Welcome to 2023! The new year is a time to plan for an improved future. This issue focuses on your financial health and long-term strategies to take your business to the next level. As 2022 ended, AAOA scoured the nation for real estate experts, from investors to authors to podcasters, and awarded those at the top of their game in 20 categories AAOA’s Best of 2022 Award. Read on to learn investments the government will pay you to make, how to invest in short-term rentals, and rental market predictions from 27 real estate pros. Our experts also discuss how to increase your NOI, security deposits tips, and estate planning strategies including Complex Spendthrift Trusts and 721 and 1031 Exchanges. Property management issues, such as upgrading your internet tech, utilizing payment apps for rent collection, and using your website to generate more leases are covered in depth. Also, discover what to do when a good tenant goes bad. Legal questions addressed include 5 mistakes to avoid in small claims court, the Corporate Transparency Act, and changes to Los Angeles’ transfer taxes. Thank you for reading RENT. We hope that 2023 is professionally and personally fulfilling for you!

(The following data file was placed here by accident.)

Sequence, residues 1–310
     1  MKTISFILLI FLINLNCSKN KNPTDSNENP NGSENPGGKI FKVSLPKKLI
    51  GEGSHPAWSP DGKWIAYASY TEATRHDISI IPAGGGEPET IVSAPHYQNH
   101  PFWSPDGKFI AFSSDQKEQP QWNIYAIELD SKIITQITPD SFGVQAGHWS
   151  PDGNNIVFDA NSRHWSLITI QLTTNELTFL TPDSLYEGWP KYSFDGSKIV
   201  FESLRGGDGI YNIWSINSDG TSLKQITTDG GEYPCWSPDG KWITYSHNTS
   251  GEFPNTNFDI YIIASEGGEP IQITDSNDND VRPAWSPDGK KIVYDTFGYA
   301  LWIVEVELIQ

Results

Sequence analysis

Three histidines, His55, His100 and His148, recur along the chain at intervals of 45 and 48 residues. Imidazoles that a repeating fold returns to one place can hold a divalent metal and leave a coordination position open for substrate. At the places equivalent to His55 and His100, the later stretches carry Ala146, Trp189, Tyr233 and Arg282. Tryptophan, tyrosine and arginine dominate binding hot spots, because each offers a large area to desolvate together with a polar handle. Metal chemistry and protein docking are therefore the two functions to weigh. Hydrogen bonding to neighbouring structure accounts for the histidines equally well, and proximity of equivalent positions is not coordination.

2023 REAL ESTATE INVESTING
66 71 77 74
SUSTAINABILITY: CONSIDER YOUR INTERNET TECHNOLOGY
5 MISTAKES TO AVOID IN SMALL CLAIMS COURT
3 INVESTMENTS THE GOVERNMENT WILL PAY YOU TO MAKE IN 2023
BOOST YOUR NOI IN A TOUGHER HOUSING CLIMATE OF RISING UTILITY COSTS AND SOFTENING RENTS HOW TO USE YOUR WEBSITE TO GENERATE MORE TRAFFIC AND NEW LEASES
WHY ARE SECURITY DEPOSITS SO MISUNDERSTOOD?
HOW TO MAKE A LONG-TERM STRATEGY OUT OF SHORT-TERM RENTALS APARTMENT OWNERS BEWARE: LOS ANGELES PASSES TAX MEASURE ULA WHERE THERE’S A WILL… AN ESTATE PLANNING GUIDE FOR REAL ESTATE INVESTORS INSURANCE OUTLOOK FOR 2023: RENTAL AND MULTIFAMILY PROPERTIES
FEATURED AAOA MEMBER
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HARTFORD, CT | 80 UNITS Charter Oak Neighborhood Building 1 - 70 units, completely remodeled Building 2 - 8 units & 2 commercial spaces
GAINESVILLE, FL | FOURPLEX All units are 2 bedrooms, 1 bathroom New roof, HVAC, and water heaters 3 units are Section 8 Housing
TEMPE, AZ | TOWNHOUSE 2 bedrooms, 1.5 bathrooms, 1008 sq. ft. Tenant paying $1350/mo., 5.4% cash ROI
LOS ANGELES, CA | SINGLE FAMILY 1500 sq. ft., 3 bedrooms, 2 bathrooms Westchester neighborhood
PAGE 4 Ready to list your property with AAOA?